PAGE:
The second situation is where the lender modifies an existing note and those modifications result in a novation. Black's Law Dictionary defines a novation as: "Substitution of a new contract, debt or obligation for an existing one, between the same or different parties." What happens to the coverage under the policy if there is an intervening lien between the date of the original note and the modification? If this event occurs, the title insurance company will have a duty to defend a challenge to the validity or priority of the mortgage. If, in the resulting litigation, it is determined that a novation has occurred, then the title insurance policy will no longer be in effect. Why? When a novation occurs, the original debt has been replaced and the judge rules that a new, unsecured note exists. As a result, the note is satisfied and the mortgage is no longer a valid lien on the property. Under the conditions and stipulations of the policy, when the underlying debt is paid, the policy terminates. Additionally, the unenforceability of the original note is not a risk covered by the policy.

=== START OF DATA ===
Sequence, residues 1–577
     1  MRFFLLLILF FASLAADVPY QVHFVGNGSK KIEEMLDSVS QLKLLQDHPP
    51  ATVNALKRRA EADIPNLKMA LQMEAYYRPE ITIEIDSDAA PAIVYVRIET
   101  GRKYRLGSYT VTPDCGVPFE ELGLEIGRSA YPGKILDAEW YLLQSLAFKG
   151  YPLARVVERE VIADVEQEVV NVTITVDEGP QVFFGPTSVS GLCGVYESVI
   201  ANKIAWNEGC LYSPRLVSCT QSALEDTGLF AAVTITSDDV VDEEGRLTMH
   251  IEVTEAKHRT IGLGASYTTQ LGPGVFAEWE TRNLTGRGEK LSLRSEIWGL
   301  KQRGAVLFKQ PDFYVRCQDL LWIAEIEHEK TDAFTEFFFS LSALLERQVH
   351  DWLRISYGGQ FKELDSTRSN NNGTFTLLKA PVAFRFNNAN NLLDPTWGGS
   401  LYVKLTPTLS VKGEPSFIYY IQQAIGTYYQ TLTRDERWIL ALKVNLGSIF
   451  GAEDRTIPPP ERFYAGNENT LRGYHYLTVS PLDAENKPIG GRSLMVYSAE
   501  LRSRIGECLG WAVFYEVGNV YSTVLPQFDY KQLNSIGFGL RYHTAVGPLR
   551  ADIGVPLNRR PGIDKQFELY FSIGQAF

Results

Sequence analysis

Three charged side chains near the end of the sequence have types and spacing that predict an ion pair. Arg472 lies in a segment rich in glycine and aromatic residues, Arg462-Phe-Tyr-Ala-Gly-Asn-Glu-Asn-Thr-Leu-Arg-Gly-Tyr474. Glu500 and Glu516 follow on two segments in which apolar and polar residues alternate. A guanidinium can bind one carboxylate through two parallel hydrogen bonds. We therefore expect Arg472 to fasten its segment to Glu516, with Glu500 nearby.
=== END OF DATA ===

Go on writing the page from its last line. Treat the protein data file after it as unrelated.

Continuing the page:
The final situation is where the lender advances additional funds after the date of the policy, to be secured by the original mortgage. This is typically in the form of a construction loan, future advance note or a credit line mortgage. What happens to the coverage under the policy if there is an intervening lien between the date of the original note and the subsequent advance? The title insurance company will still have a duty to defend but the ultimate liability under the policy may be reduced or eliminated. As the principal of the indebtedness decreases, the amount of insurance is reduced pro tanto. Furthermore, the company is not liable for any indebtedness created subsequent to the date of policy except for advances made to protect the lien or to prevent deterioration of improvements.
Now that the situations have been laid out, the question becomes how to avoid these situations and what the lender needs to do to insure full coverage under the policy. First of all, it is imperative that the lender requests the appropriate endorsement from their title agent. In most cases, the issuance of the appropriate endorsement at the time of the policy will provide the lender with full protection.